Recent studies suggest that sodium-dependent low-renin hypertension in animals results at least in part from sodium-potassium pump inhibition in blood vessels and heart by a humoral agent released from or influenced by the anteroventral third ventricular area of the brain. For example, a high salt intake in a rat with reduced renal mass results in the appearance of a heat-stable sodium pump inhibitor in the plasma, decreased cardiac Na+, K+-ATPase activity, decreased arterial sodium-potassium pump activity, and hypertension. These changes are reversed by reducing the salt intake or by producing a lesion in the anteroventral third ventricular area of the brain. The course of the development of pump inhibition is similar to the course of the development of hypertension. Sodium-potassium pump inhibition by a humoral agent may also occur in humans with low-renin hypertension. A high potassium intake may stimulate pump activity.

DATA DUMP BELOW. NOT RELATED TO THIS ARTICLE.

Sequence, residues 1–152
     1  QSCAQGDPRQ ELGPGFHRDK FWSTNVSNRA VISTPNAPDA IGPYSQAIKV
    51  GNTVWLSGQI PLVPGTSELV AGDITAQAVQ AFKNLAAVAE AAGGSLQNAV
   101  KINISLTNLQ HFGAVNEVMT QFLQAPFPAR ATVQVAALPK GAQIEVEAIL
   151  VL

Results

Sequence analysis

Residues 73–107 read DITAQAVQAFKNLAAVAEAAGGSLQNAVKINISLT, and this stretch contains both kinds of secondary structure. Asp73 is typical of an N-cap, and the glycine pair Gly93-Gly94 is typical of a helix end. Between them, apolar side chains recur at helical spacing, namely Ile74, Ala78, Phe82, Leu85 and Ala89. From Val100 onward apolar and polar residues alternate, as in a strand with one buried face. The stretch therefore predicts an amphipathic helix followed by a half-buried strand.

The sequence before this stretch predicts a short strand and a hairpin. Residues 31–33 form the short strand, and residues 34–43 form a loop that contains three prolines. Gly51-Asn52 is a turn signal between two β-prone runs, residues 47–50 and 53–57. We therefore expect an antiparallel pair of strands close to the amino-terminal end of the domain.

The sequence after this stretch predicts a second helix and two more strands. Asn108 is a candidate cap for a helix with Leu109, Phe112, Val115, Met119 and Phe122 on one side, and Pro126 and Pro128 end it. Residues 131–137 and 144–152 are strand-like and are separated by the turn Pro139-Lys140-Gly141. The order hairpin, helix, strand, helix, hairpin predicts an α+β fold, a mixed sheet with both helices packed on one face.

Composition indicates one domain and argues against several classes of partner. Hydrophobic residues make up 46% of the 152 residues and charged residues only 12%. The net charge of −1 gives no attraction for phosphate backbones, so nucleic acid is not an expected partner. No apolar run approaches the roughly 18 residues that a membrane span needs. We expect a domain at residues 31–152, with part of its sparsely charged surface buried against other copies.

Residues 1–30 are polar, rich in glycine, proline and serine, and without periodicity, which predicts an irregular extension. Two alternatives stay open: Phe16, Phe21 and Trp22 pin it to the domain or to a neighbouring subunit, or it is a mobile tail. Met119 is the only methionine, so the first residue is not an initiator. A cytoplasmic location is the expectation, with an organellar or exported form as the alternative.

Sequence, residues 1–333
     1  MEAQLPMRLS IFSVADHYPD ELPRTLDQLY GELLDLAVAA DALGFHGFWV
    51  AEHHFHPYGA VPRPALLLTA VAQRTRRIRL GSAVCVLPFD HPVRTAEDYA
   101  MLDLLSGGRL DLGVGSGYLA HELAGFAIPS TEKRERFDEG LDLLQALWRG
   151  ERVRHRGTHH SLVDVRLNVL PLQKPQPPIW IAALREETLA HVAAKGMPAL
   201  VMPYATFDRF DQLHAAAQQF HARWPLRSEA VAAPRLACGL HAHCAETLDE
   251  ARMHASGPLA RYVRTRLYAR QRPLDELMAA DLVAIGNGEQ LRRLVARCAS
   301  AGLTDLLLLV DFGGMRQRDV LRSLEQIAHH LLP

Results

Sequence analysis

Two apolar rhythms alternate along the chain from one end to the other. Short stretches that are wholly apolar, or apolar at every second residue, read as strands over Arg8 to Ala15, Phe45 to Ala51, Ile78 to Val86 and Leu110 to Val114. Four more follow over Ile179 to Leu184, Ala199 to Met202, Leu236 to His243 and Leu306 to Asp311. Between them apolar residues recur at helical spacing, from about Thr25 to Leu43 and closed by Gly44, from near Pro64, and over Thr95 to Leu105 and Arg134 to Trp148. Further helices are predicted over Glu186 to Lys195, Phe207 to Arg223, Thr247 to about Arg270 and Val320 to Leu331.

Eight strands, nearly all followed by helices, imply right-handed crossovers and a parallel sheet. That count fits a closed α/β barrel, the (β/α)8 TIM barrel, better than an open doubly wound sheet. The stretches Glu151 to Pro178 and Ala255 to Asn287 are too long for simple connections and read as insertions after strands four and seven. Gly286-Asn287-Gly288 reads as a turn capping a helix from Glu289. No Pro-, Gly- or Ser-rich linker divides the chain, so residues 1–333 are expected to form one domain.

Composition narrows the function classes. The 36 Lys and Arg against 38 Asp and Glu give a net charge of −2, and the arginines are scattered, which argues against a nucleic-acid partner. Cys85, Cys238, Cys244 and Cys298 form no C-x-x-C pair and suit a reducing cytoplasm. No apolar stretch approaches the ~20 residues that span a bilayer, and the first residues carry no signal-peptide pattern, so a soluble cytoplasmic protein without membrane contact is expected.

FRANCIS J. HADDY Sodium-Potassium Pump in Low-Renin Hypertension Ann Intern Med 1983 May Department of Physiology, Uniformed Services University; Bethesda, Maryland.